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Parents of young girls were infuriated recently when popular clothier Ambercrombie and Fitch released their padded bikinis for girls ages 7- 14.  After much debate the bikinis were later pulled from shelves but that is just where the conversation begin.

Chatter begin all over the country about  the sexualization of young girls better known as the "Lolita Effect."

Author and assistant professor at the University of Iowa wrote a book entitled "The Lolita Effect: The Media Sexualization of young girls and what we can do about it." She explains that for over 10 years media, music, and clothing have been huge factors in introducing girls to objectifying themselves as sex objects.

In the book she delves into extended research study that reaches across a span of 13 years and discusses the effects of media and pop culture which encourages the sexiness of little sirens.  The focus of her research is not simply the judgement of parents and peers who may encourage such behavior but she makes a striking distinction between sexual deviants, predators, and others who sole purpose is to sexually abuse children.

As a mother of two young girls, I have experienced this type of child-like sex appeal first hand.  My oldest daughter who is 7,  but tall for her age, recently moved away from clothing sized for her age group.  She began wearing a size 7 and 8 which put her amongst a group of girls in age ranges 8-14.

I was extremely disturbed this past April while searching for a dress for her to wear for Easter this year, my choices being very limited.  There were halter style dresses, minis, dressed with sequins and shortened jackets all of which looked much more appropriate for girls twice her age.  This however, seems to be the norm for clothing in this age group. Shopping  for her has proven to be quite difficult there are short shorts, fitted tees with suggestive sayings, miniskirts, and pants with writings on the behind.  All of these in my opinion are a far cry from proper as it relates to a 7 year old but the choices for modesty are few and far between. The sexually suggestive nature of the clothing is passive but posed and styled in such a way that achieves its purpose which is to become noticed particularly by members of the opposite sex.

I believe in part we as a society we have completely removed ourselves from a sexual moral compass.  We have done away with a foundation for sex by detaching it from relationships and love.  This is why is it so easy for us to encourage young girls to be "hot" or sexy.  We distort their views of themselves as well as their expectations of others.  It embodies a climatic effect that is sure to have serious repercussions.

What can we do? As moms, we can continue to voice our opinions, we have to demand that we are heard.  Before we reach one corporation, one music label, or one television network we have to reach out to the community.  We have to whisper in the girl around us that you are worth more than your body, it is only one part of who you really are.  We have to encourage our daughters to define themselves differently.  It won't be easy, but we can't be responsible for raising a generation of Sesame Streetwalkers looking for somebody to come and play.  We have to make a conscious effort to be aware of the sexual socialization of our young girls and surround them with differing views that offer alternatives to the norm.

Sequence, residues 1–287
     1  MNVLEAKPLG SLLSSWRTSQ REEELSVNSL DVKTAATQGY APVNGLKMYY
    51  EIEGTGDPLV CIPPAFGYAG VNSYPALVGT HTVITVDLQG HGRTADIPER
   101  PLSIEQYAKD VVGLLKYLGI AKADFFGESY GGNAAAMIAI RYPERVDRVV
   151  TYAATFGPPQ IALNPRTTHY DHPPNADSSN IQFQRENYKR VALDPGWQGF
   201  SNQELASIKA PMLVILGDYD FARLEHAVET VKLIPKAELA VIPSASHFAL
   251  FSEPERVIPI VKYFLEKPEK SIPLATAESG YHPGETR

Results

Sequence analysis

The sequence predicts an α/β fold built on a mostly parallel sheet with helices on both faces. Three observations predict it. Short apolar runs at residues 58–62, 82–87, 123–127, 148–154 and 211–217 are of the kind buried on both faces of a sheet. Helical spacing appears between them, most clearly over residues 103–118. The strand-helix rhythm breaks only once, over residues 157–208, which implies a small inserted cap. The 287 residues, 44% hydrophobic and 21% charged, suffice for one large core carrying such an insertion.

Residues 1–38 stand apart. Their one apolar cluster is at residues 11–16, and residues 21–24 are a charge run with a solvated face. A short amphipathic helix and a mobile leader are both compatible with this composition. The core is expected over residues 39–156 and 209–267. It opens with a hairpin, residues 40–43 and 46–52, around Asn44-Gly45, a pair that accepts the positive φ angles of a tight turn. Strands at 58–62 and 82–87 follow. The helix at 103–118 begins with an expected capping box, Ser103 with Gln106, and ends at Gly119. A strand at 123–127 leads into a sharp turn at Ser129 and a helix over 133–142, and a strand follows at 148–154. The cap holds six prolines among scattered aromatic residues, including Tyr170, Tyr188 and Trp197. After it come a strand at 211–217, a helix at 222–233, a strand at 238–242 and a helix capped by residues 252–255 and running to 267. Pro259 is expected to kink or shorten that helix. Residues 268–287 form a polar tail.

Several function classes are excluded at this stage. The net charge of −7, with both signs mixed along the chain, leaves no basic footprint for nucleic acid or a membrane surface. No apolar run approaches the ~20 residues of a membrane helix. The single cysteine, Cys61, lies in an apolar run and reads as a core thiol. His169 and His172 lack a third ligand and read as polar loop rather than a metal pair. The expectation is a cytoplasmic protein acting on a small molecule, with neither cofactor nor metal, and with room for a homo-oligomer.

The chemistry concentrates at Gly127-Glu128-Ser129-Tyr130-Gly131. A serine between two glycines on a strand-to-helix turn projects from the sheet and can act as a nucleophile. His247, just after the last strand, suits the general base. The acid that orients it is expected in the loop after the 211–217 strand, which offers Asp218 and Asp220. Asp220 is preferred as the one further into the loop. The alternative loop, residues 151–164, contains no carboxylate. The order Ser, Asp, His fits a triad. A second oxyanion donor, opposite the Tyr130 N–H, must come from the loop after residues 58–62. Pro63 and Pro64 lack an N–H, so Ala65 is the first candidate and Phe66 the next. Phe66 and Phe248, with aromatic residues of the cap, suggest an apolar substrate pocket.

As it is with my daughters and I am sure many of yours I teach them about beauty, one that shines from within, that doesn't mean you don't enhance your physical beauty but allow what you have on the inside to compliment what is on the outside.  The very nature of the woman lends itself to beauty and this is explicit as it relates to a woman's body.  Since young girls have not come to the place where those distinctions are easily noted..ie..puberty has yet to take place, then there is therefore no need to place emphasis where it is not due.

Make it a totally fab Mommy day!

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Comment by Deborah Danker on August 8, 2011 at 4:56pm
I'm new to this but thank you for bring this up too sexy to soon. I have been in the fashion industry for years and French V. has gone too far. I blame the parents, why would they put their ten year old child in photos for like that for fame? Fashion is a business but the designer want girls younger and thinner which is out of control. Twiggy was not that young and her photos were not sexy like these. I feel French V has step over the line and this is one issue I'm not going to purchase.
Comment by Tiffany Fulcher on August 4, 2011 at 6:14pm
Lindsey,
I totally agree, we can all make a difference it starts w/us! I

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